The Spotted Flycatcher.
The Spotted Flycatcher.
Each morning we read the Skokholm Island blog.
Written by wardens Richard and Giselle it is, of course, largely bird or natural history focussed. After all it is, in company with its equally illustrious neighbour Skomer Island, world famous for its seabird colonies. Both have been featured regularly in Mindfully Bertie. On Skokholm, the migration seasons are particularly exciting and the Island now provides valuable records for birds seen or more importantly caught, ringed and released. 2020 will be unforgettable for all of us. For Richard and Giselle in particular living in the lighthouse on the island with no visitors at all. We are booked for August, but “old plus underlying” will almost certainly rule that out. So we read the daily news. Wallow in nostalgia. And, now and again, an item catches the imagination. One such item was the Spotted Flycatcher. Photographed beautifully by Richard.
This quite insignificant little migrant from Africa has become the poster bird for the plight of birds migrating here from Africa. Its population is estimated to have crashed by 89% in the last fifty years. And continues downwards. When Bobby was young they were relatively common birds and he was always entranced if he was lucky enough to see one hunting. Which leads to our story.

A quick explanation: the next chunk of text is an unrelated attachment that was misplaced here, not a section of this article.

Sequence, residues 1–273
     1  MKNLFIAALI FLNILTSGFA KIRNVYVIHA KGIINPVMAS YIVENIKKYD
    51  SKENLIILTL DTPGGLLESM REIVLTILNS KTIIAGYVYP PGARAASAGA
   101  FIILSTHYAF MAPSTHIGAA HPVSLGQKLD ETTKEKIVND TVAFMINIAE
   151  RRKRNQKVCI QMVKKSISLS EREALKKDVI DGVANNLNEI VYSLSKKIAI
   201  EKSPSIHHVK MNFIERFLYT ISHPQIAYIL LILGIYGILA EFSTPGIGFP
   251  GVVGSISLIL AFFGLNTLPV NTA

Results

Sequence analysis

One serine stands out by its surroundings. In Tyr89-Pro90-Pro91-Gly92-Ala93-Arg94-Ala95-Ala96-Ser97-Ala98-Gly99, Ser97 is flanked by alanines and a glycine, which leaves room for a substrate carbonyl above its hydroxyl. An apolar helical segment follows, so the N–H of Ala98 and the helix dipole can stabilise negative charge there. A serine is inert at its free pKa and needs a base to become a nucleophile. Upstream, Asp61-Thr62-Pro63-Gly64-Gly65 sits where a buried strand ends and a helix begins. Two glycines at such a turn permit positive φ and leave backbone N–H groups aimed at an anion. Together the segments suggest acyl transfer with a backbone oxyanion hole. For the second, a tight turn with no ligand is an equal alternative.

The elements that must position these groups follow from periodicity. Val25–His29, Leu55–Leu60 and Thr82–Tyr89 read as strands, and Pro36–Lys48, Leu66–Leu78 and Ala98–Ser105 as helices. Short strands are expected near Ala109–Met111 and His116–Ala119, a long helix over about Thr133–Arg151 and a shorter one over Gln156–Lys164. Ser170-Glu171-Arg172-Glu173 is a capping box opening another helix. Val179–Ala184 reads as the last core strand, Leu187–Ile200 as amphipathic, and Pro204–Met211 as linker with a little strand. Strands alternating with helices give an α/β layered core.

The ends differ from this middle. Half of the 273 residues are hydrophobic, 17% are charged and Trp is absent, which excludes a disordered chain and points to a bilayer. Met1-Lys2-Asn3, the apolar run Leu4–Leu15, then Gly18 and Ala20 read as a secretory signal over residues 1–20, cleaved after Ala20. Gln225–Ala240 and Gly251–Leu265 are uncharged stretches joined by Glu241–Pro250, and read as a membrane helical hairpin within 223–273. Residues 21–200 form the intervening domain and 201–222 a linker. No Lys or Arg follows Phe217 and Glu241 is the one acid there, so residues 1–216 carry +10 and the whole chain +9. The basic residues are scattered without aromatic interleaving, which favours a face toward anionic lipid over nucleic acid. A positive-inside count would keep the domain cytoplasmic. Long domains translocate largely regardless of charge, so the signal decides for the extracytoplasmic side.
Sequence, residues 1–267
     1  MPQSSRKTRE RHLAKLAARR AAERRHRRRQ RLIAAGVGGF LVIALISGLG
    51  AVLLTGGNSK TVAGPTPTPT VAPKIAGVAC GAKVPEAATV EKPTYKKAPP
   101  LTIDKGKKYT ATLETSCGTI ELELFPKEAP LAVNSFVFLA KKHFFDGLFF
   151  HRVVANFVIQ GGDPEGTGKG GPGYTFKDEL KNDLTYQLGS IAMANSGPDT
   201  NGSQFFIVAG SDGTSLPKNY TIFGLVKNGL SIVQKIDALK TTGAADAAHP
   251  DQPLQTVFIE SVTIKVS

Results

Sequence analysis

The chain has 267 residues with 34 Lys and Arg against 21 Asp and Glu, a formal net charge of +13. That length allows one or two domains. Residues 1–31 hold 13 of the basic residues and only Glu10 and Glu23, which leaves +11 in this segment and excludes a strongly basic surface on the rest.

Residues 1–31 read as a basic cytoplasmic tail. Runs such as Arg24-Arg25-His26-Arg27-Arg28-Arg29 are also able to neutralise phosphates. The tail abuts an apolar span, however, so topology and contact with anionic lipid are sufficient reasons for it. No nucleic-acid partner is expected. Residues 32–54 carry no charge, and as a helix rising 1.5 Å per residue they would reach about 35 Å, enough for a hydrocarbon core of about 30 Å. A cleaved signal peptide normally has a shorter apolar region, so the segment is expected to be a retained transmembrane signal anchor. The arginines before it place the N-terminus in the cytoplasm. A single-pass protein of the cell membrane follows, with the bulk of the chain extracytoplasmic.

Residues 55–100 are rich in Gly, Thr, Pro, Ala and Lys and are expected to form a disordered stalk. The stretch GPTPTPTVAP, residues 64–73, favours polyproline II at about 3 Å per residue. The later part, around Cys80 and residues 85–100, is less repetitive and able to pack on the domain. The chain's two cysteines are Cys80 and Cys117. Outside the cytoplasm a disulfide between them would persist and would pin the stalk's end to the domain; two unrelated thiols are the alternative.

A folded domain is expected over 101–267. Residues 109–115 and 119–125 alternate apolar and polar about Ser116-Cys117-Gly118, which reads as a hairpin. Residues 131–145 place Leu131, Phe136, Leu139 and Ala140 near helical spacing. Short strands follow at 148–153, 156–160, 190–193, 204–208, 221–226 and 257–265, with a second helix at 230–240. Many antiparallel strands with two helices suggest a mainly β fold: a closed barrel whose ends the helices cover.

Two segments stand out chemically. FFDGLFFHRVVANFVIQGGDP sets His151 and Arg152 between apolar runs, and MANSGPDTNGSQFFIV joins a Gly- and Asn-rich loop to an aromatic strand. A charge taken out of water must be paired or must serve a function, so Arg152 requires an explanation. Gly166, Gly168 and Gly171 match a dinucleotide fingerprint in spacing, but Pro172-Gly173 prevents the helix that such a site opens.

Bobby worked for the Legal and General for thirty years. The firm had come to Surrey after the war and secured a former girls school. St Monica’s. By Bobby’s time, a new office had been built but the old school in a mansion style building had been retained and turned into the staff restaurant. The front covered in ivy. One unforgettable summer in 1985, Spotted Flycatchers nested in that ivy. Once again he could be entranced every lunch hour sitting on the terrace watching these little birds hunting. The technique is to find a suitable lookout perch. In this case two large flower urns full of geraniums. The pair would then sit constantly, searching their surroundings for prey. Not just flies, but any flying insect. Including butterflies. They would then shoot upwards. Catch the insect and return to their lookout. Either swallowing the catch, or shooting high up to the ivy to feed the youngsters.
In Bobby’s mind, he was the only person out of an office of over 1,500 staff who was witness to the spectacle. Maybe there were others, but not during the lunch hour with Bobby.
And so it’s a special little bird for Bobby. Particularly the day he saw EIGHT sitting on a rail outside the National Trust mansion at Polesden Lacy near Dorking. Many years ago. Was it a family that had bred in their ivy covered building? Or a group migrating?
Here’s a video to show that typical hunting poise:
The photographer only had to focus on the twig, as he knew the bird would come straight back.
Lighting a Candle for Diddley.
Remembering those warm sunny days when we walked hand in hand through the poppies in Sussex.
– – – – –